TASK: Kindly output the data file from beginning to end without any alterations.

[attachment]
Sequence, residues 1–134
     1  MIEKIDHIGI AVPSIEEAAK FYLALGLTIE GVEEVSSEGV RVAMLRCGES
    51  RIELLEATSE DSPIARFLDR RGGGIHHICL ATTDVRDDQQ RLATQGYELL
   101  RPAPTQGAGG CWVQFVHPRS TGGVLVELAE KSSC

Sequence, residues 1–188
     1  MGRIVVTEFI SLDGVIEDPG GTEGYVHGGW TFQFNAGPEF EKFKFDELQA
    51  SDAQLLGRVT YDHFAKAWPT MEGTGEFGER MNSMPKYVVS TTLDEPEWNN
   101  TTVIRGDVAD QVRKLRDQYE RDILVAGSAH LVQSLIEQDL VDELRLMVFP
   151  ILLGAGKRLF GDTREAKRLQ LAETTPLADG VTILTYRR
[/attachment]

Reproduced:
Sequence, residues 1–134
     1  MIEKIDHIGI AVPSIEEAAK FYLALGLTIE GVEEVSSEGV RVAMLRCGES
    51  RIELLEATSE DSPIARFLDR RGGGIHHICL ATTDVRDDQQ RLATQGYELL
   101  RPAPTQGAGG CWVQFVHPRS TGGVLVELAE KSSC

Sequence, residues 1–188
     1  MGRIVVTEFI SLDGVIEDPG GTEGYVHGGW TFQFNAGPEF EKFKFDELQA
    51  SDAQLLGRVT YDHFAKAWPT MEGTGEFGER MNSMPKYVVS TTLDEPEWNN
   101  TTVIRGDVAD QVRKLRDQYE RDILVAGSAH LVQSLIEQDL VDELRLMVFP
   151  ILLGAGKRLF GDTREAKRLQ LAETTPLADG VTILTYRR